◻ bodies governed by private law with a public service mission to the extent that they provide adequate financial guarantees;

◻ bodies governed by the private law of a Member State that are entrusted with the implementation of a public-private partnership and that provide adequate financial guarantees;

◻ persons entrusted with the implementation of specific actions in the CFSP pursuant to Title V of the TEU, and identified in the relevant basic act.

If more than one management mode is indicated, please provide details in the ‘Comments’ section.

Comments

The Guarantee Fund will be under direct management by the Commission.

2.MANAGEMENT MEASURES

2.1.Monitoring and reporting rules

Specify frequency and conditions.

In accordance with Article 10 of Regulation (EU) 2015/1017, the EIB, in cooperation with the EIF as appropriate, shall report semi-annually to the Commission on EIB financing and investment operations. In addition, the EIB, in cooperation with the EIF as appropriate, shall report annually to the European Parliament and to the Council on EIB financing and investment operations. By 31 March of each year, the Commission is required to send to the European Parliament, the Council and the Court of Auditors an annual report on the situation of the Guarantee Fund and the management thereof in the previous year.

In accordance with Article 12 of the Regulation, the EIB shall evaluate the functioning of the European Fund for Strategic Investments (EFSI) and provide its evaluation to the European Parliament, the Council and the Commission. Moreover, the Commission shall evaluate the use of the EU guarantee and the functioning of the Guarantee Fund and provide into the European Parliament and the Council. A comprehensive report on the functioning of the EFSI is required by 30 June 2018 and every three years thereafter, as well as a comprehensive report on the use of the EU guarantee and the functioning of the Guarantee Fund.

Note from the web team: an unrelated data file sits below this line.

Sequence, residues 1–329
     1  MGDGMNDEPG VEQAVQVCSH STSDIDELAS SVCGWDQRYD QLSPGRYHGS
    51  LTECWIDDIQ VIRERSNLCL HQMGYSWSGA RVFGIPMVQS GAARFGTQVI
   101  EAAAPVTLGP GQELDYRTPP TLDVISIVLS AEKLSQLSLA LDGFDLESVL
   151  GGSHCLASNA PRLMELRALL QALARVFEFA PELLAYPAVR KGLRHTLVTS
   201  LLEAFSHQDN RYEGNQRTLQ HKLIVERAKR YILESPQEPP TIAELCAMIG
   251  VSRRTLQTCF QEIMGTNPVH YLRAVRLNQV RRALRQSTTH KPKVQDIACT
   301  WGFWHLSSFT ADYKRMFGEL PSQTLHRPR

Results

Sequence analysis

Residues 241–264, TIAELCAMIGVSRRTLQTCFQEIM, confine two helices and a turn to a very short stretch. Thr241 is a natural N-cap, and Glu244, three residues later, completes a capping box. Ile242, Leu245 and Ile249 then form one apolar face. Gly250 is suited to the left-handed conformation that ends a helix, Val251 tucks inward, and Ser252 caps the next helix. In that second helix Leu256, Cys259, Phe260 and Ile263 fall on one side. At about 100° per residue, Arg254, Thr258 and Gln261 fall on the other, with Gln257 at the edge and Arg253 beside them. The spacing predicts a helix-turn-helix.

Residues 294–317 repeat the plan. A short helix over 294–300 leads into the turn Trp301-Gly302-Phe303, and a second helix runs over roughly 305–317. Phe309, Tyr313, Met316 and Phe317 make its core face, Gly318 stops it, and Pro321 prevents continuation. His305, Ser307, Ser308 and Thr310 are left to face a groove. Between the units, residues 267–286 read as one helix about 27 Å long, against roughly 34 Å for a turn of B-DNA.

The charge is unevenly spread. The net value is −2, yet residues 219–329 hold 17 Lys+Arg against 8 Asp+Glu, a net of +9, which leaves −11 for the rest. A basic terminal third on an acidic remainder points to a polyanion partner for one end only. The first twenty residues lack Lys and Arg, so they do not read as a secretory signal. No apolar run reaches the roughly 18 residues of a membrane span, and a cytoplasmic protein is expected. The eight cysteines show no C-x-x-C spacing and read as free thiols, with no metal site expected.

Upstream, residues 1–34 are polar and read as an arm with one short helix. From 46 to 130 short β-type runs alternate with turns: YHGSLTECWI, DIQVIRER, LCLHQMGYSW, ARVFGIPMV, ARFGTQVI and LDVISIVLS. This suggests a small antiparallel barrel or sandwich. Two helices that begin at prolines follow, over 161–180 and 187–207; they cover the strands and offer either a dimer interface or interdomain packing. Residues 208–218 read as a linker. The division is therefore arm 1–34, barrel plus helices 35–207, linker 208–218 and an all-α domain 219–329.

2.2.By 30 June 2018 and 30 June 2020, the Commission shall submit to the European Parliament and the Council a report containing an independent evaluation of the application of this Regulation. Management and control system

2.2.1.Risk(s) identified

The EIB financing and investment operations covered by the EU guarantee carry a non-negligible financial risk. The probability of a call upon the guarantee is tangible. However, it is estimated that the Guarantee Fund provides the protection required for the Union budget. Projects themselves may be subject to implementation delays and cost overruns.

Even if based on conservative assumptions, the cost-efficiency of the initiative could suffer from insufficient market-uptake of the instruments and changing market conditions over time reducing the assumed multiplier effect.

In accordance with Article 8(4) of the Regulation (EU) 2015/1017, the resources of the Guarantee Fund are to be invested. Those investments will bear an investment risk (e.g. market and credit risk) and some operational risk.